Episode 173 – The Maelstrom, Part 11

Today, we’ll wrap up our look at the Russo-Japanese War with some thoughts on its long term consequences. How much of an impact can a war that lasted for a year and a half really have?

Listen to the episode here.


Jansen, Marius. The Making of Modern Japan.

Asada, Sadao. From Mahan to Pearl Harbor: The Imperial Japanese Navy and the United States.

Drea, Edward. Japan’s Imperial Army: Its Rise and Fall, 1853-1945.

Drea, Edward. In the Service of the Emperor: Essays on the Imperial Japanese Army.


For Russia, one of the biggest differences made by the war and the revolution was the birth of a representative assembly, the Duma. However, the assembly was generally disregarded by the Czar, which only proved to enemies of the regime that promises of moderation and an end to autocracy were so much hot air.
An execution scene like the one that inspired Lu Xun to try and mobilize nationalism within the Chinese people. Though the Japanese generally did not attack or harm Chinese civilians intentionally during the war, this did not mean that they had much regard for Chinese lives. Accused spies like the one shown here were doomed merely by suspicion.
The massive folly of the Yamato class superbattleship, shown here (the IJN Yamato on its shakedown cruise) was a direct outgrowth of the outmoded naval ideas of Togo Heihachiro. Nobody could challenge the authority of the victor of Tsushima, which meant that the navy wasted a lot of time refusing to update its ideas or equipment.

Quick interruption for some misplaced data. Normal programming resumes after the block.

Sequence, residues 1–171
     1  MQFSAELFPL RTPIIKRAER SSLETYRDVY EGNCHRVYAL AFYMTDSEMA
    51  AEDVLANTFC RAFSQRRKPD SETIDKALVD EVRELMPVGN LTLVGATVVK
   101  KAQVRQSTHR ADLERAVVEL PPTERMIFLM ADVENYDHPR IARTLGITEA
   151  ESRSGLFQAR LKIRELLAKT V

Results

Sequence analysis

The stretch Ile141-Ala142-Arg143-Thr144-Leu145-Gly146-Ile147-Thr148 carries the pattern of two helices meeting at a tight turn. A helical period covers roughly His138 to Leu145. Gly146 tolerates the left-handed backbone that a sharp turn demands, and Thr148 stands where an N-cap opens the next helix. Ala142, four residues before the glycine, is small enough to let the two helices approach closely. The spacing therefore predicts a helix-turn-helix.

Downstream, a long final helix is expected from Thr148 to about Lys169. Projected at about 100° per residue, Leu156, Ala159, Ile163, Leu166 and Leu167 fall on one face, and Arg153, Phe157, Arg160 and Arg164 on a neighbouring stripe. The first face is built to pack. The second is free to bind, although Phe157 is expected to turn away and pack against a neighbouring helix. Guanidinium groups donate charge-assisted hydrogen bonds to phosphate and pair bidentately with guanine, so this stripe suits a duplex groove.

The army’s obsession with spiritual toughness was such that eventually it was able to receive a mandate to begin army training before men were even conscripted. Children were given basic army drills as part of their PE requirements starting in the 1920s, with the instructors being former army officers.
The burning wreck of the USS Arizona on December 7, 1941. The success of the Russo-Japanese War convinced Japanese planners that similar tactics would work on the United States. They did not.


3 thoughts on “Episode 173 – The Maelstrom, Part 11”

  1. What do the Japanese textbooks teach about the russo-Japanese war? How is it viewed today? I always thought it was a clear victory but your podcast shows it was not, but was rather an expensive negotiated draw? What about Sakhalin? When I visited Hokkaido the Japanese tourists stared at the island tip in the distance and the placards made nationalistic Japanese feel like the land was rightfully theirs and taken from them by Russia. Is that just nonsense symbolic nationalism or does the state of japan use those islands to stir up nationalism (like DokDu)

  2. In the anime Golden Kamuy, the veterans say that the Russians used suicide bombs and jumped into enemy trenches. Is there any evidence to back this up?

    1. Not as I’m aware; it certainly could have happened but there were never wide-spread reports of it. There are more of Japanese troops launching suicidal attacks on Russian forces (the so-called Human Bullets), but my understanding is that these were generally infantry charges, not suicide bombings.

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